Wash your mouth out . . . with blueberry sauce

We are a family rife with loud voices, discontent, arguing and lots of moments where I am telling someone (most often the hubby), “That’s inappropriate!” I’d like to think, too, that we are a fun family, but when it all comes down to it the kids rarely have fun that isn’t overbore by Dad or myself.

Case in point – pretty much every single time the boys decide to placate me and put aside their differences and play together inside the house, one of the disembodied parental voices yells, “Knock it off!” or “No wrestling in the house. How many times do I have to tell you?” or “Take it outside.” Or “what are you doing? Pull your pants up!”

It doesn’t make much sense, I know. We tell them to get along and then the second they are, we’re telling them to stop the noise. Sometimes, I swear that the sound that ruffles me the most is the sound of their laughter. Why does it make me so annoyed/vexed/exhausted?

These poor kids can’t catch a break. I’m always thwarting their fun, whether it’s halting the jumping from one couch to the other, pulling out a kid hiding in the dryer or snatching a ten pound steel (steel? Aluminum? Iron?) sword from swordsmen fighting in the basement with Dad’s annoyingly ritzy display swords. Even during playtime, I’m constantly admonishing them for rough play or potty talk. I am annoying my own self with my harpy-ness, so I’ve been sneakily letting my kids get away with stuff. Liam’s been staying up late every night listening to music on his iPod. Connor has studied for his weekly spelling test only once a week for nearly a month (and has probably skipped a worksheet or three). I watched four-year-old Jack hanging out by the fence and discussing life, poop and all things boy with our neighbor kids. I saw him pretend to pull his pants down and pee on a tree, all the while grinning while the other boys hooted and howled with laughter. Should I have stepped in? Maybe, but then what? What would I have said? “Don’t pretend to pee?” I was thrilled that he kept his pants up and only pretended. Should I be suppressing that behavior and potty talk? I can understand putting a limit on it, a la not in public, but your own backyard is fine; but I really can’t see putting the kibosh on it altogether. It’s unreasonable for me, as a mom of three boys, to expect potty-less behavior out of them. Heck, even I indulge in a little bathroom humor every once in a while, especially when cooing to the baby I babysit for (“There! Your witto butt-ski is all clean!” “Lets do the poopy dance! Poo-pee, poo-pee, poo-pee!”). Yeah, I don’t think that’s beneath me, so why would I attempt to hold them up to standards that even I don’t reach (even with platforms)?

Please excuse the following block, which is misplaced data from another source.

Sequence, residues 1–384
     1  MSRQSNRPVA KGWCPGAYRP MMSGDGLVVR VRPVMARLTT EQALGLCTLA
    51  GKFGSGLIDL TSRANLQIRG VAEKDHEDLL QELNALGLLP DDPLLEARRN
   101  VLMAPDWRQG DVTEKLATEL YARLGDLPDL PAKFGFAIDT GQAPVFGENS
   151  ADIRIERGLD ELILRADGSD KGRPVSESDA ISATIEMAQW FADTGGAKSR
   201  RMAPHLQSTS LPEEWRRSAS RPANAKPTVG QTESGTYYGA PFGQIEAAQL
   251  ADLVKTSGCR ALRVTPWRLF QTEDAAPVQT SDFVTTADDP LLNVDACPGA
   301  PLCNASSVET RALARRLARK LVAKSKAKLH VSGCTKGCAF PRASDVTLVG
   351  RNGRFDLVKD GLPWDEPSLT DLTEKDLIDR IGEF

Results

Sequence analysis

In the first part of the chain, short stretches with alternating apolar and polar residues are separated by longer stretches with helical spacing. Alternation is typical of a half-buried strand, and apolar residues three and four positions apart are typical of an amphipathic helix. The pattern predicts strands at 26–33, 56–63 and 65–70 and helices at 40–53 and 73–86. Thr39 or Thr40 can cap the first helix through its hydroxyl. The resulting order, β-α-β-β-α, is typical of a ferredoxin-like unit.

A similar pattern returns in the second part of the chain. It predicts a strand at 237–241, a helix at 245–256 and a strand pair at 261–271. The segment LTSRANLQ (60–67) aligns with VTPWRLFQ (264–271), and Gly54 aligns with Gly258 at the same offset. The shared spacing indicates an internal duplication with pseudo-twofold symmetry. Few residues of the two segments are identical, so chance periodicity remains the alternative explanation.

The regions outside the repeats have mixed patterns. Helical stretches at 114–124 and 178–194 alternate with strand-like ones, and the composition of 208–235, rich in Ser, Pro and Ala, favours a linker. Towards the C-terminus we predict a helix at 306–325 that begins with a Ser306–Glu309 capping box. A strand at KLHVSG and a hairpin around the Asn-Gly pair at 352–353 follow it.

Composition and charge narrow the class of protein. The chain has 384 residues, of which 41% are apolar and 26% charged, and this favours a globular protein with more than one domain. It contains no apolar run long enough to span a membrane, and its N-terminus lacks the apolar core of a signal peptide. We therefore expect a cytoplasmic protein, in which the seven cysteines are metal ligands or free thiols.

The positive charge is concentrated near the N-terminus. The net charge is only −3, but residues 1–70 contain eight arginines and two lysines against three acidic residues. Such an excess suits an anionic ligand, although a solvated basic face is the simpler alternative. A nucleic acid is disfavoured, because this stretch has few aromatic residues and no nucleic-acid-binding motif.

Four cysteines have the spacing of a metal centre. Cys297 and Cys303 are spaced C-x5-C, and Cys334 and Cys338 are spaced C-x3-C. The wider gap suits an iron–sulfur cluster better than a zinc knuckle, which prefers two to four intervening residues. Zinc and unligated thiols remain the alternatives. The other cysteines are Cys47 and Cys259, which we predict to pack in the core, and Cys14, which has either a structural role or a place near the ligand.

The other night, Liam’s 11th birthday, our family threw caution to the wind and indulged a little in some sweets and some swearing. After Liam blew out his candles on his delicious-looking blueberry cheesecake, we all sat around stuffing our faces and pondering how quickly another year flew by. Out of the blue, Connor solicited a free pass to say a swear word. “No,” I said through my third bite of cake. I didn’t even have to think about it.

“C’mon, please?”

And then I astonished my hubby and myself. “Okay, sure. You guys each get five seconds to say any swear word you want.” I paused for a second and considered imparting a ban on a word or two, but then thought, ‘balls to the walls, let’s do this right.’

Squeals of delight, and perhaps a gasp of disbelief, made me smile. I was going to take a step back and let these boys be boys, even if it meant quite possibly doing the wrong thing and being a less-than-stellar role model.

Connor immediately piped up with three words and when he paused to think, I may have done back handsprings in my mind when I realized he used the three most overused and overlooked swears there are (a$$, $h*t and d@m&). Life could be worse. If Connor used these, and he exhibited self-control, then there is no way any more are going to be said. I know my boys, and –

“A$$! $h*t! D@m&!” Peals of laughter encircled the table. Holy buns! Did my baby just say that? Of course he did. He’s the parrot of the group, always looking to Connor for comic relief and material to be used at a later date.

“Go ahead, Liam,” I sighed, smiling. “Your time is almost up.”

“Mom! I can’t say a swear! I’d be too embarrassed.” His face was already pinking as he grinned crazily through his purple mustache of blueberry sauce.

“Really. It’s okay. Your brothers did and they aren’t in trouble.”

“No! I, I can’t. I’m . . . too . . . embarrassed.”

“Okay then.” I turned to Dad and began to talk about some mundane aspect of my day.

Liam cleared his throat. He coughed. “I mean, it’s not every day a kid can say a bad word like fu^&!”

According to my husband, the sound I made at hearing the holy grail of swear words come out of my innocent birthday boy’s mouth was a little like a foghorn mixed with a squeal . . . and lasted for an entire count of six.


Liam’s face was deep red. He was smiling, but scared. Yes, it was a scared smile. “Mom, you said-”

“I know what I said! I just didn’t think you’d drop the f-bomb like that in front of your brothers! In front of dad! In front of meeeee!” Now my face was red. I shook my head and stared at him in horror/humor. Where did this kid come from? Is this puberty? A new kid every week? My sweet boy resurfaced a few times later that night. Every time he would see me, he’d say, “I’m just so ashamed of myself!” Looks like I may be raising that one right.